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GARDEN CITY, NY, August 31, 2014 /24-7PressRelease/ -- The board-certified physicians at Reconstructive Spine Surgery (www.reconstructivespinesurgery.com) say new research showing patients recover more slowly if they suffer from depression before spine surgery reflects what they've seen at their New York City-area practice. The study's conclusions also emphasize the importance of both emotional and physical support during recovery, the doctors say.
"Diagnosis and physical treatment of spinal conditions is only part of the overall therapeutic plan for patients at our practice," says Dr. Benjamin R. Cohen, one of the leading spine surgeons serving New York City. "This study shows the importance of also recognizing the role of mental health in how patients heal from surgery."
Results of the study, which appeared in the August issue of the Journal of Neurosurgery: Spine, showed that preoperative depression and anxiety are linked to less successful recovery following spinal surgery. It specifically looked at patients older than 65.
"The extent of preoperative depression is an independent predictor of less functional improvement following revision lumbar surgery in elderly patients," the authors concluded. "Timely diagnosis and treatment of depression and somatic anxiety in this cohort of patients may contribute to improvement in postoperative functional status."
Although the study focused on elderly patients, Dr. Marc Agulnick, another of the team of physicians at Reconstructive Spine Surgery, says he believes the message is valid for patients across a wide demographic spectrum.
"We know that patients with a positive outlook going into surgery typically heal more quickly than people who are preoperatively anxious and depressed," says the New York spine doctor who specializes in orthopaedic issues. "Of course, anxiety is normal prior to any surgical procedure, especially spine surgery. We try to identify patients experiencing depression and anxiety at more extreme levels."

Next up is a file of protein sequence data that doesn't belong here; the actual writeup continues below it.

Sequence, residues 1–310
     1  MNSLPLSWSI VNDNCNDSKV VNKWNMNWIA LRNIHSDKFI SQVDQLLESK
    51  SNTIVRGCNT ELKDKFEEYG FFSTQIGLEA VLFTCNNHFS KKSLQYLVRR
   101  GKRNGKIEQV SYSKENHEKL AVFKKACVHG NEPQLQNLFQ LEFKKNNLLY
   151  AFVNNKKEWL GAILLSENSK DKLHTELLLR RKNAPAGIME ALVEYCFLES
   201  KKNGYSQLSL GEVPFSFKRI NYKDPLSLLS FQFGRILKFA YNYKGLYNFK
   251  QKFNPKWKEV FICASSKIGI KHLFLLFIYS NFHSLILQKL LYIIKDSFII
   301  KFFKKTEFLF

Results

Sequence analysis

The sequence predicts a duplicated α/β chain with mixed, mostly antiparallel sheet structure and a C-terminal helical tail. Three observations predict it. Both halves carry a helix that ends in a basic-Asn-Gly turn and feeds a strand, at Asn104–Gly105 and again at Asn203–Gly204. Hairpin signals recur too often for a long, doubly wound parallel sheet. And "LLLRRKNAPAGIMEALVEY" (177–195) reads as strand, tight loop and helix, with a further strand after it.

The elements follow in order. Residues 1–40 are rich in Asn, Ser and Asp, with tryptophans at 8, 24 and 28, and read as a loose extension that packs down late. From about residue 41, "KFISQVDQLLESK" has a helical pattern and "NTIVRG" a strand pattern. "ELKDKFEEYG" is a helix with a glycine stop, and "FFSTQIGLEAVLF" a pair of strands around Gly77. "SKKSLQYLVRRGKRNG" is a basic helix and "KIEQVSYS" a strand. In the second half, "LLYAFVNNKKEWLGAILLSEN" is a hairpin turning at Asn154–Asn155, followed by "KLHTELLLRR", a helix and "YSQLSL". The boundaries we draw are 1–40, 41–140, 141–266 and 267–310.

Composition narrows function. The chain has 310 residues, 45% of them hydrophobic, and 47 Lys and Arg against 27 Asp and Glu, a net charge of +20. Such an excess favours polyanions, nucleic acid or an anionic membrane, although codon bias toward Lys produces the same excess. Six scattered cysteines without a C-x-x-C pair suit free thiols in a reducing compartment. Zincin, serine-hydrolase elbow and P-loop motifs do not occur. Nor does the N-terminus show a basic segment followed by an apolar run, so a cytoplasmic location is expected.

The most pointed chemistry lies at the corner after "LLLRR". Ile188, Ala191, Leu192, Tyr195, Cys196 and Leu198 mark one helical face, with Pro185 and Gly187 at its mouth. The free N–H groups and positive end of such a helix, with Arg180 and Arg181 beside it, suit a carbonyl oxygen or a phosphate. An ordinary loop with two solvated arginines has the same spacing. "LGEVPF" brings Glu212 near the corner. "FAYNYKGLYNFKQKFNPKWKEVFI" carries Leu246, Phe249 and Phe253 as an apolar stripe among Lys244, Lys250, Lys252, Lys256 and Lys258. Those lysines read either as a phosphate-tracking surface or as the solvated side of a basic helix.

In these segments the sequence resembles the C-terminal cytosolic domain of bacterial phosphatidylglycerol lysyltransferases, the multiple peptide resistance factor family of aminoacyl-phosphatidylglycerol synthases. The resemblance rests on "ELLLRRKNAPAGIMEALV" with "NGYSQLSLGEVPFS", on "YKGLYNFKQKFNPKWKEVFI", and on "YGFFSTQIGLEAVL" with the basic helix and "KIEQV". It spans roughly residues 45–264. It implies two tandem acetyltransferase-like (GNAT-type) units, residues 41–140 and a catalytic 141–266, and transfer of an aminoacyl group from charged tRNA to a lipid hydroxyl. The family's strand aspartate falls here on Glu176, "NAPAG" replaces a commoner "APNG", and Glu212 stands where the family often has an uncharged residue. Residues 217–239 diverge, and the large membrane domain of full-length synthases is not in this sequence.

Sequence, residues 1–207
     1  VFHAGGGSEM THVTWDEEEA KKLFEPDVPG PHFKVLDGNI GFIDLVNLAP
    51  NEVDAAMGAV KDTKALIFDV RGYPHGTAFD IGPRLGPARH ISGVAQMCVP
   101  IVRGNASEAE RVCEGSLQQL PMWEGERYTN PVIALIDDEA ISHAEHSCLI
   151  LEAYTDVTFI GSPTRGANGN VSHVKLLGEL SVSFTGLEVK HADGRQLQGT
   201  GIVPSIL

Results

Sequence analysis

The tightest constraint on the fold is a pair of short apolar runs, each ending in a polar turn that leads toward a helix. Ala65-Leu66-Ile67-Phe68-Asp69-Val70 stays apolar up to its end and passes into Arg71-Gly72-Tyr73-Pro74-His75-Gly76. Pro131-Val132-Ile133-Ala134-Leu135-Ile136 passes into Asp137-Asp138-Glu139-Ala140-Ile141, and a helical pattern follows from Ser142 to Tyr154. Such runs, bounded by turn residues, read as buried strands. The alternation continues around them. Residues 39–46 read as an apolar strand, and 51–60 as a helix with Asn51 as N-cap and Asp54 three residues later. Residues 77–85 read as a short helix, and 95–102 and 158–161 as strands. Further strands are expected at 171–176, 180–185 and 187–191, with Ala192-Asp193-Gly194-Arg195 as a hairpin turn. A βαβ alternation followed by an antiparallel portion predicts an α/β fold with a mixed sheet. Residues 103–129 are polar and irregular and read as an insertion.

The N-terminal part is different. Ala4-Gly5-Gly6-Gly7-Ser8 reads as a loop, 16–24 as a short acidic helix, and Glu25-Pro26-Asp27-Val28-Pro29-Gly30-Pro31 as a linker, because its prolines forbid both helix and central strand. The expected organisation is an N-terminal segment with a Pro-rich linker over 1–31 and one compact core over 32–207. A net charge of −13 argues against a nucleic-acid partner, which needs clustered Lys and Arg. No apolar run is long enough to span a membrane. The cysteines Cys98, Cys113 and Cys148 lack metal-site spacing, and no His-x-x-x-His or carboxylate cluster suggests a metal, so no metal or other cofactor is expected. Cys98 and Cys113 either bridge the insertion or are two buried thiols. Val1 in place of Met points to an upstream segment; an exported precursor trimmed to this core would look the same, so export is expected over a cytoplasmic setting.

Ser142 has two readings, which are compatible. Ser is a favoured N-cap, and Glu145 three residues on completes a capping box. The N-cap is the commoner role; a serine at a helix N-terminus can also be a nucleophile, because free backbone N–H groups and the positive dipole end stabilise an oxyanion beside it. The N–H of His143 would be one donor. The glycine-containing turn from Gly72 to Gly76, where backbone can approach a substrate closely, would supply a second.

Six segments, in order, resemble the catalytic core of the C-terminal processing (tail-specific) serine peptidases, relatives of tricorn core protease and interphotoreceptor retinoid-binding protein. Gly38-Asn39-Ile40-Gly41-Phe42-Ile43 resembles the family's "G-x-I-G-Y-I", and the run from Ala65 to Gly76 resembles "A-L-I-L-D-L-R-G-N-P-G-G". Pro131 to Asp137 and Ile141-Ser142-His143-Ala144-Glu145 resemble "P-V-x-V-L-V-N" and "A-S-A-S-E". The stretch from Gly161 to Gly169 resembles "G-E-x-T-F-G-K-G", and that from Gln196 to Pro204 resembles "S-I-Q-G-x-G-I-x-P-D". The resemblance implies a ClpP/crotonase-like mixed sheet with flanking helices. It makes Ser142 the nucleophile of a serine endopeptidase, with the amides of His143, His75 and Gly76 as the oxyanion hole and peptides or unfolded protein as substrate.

In some cases, mental health treatment might be recommended for patients experiencing difficulty during their recovery, says Dr. Thomas Davenport, the other member of the practice's trio of surgeons.
"Spine and back problems -- especially chronic pain -- are often accompanied by depression because people are struggling through daily bouts of discomfort and are frequently unable to work," Dr. Davenport says. "Spine problems and depression almost have a cause-and-effect relationship in that way."
Fixing spinal problems does help many of their patients turn a corner mentally and emotionally, the doctors say, but it's best to start addressing depression from the first consultation and not wait until after an operation.
"Surgeons and their staffs should be on the lookout for emotional issues from the start," Dr. Cohen says. "As doctors, our goal is to help our patients be as healthy as possible, and that means caring for their bodies and their minds."
Reconstructive Spine Surgery (www.reconstructivespinesurgery.com) is a joint venture made up of 3 surgeons from separate practices specializing in 3 specific areas: orthopaedic surgery, neurosurgery, and plastic surgery. They work together to treat a range of conditions such as spinal trauma, spinal infection, spinal deformity, and spinal tumors. Their multidisciplinary approach allows for the most effective solutions to a variety of concerns, and their commitment to continuing education enables them to provide the most advanced techniques with safe and long-lasting results.
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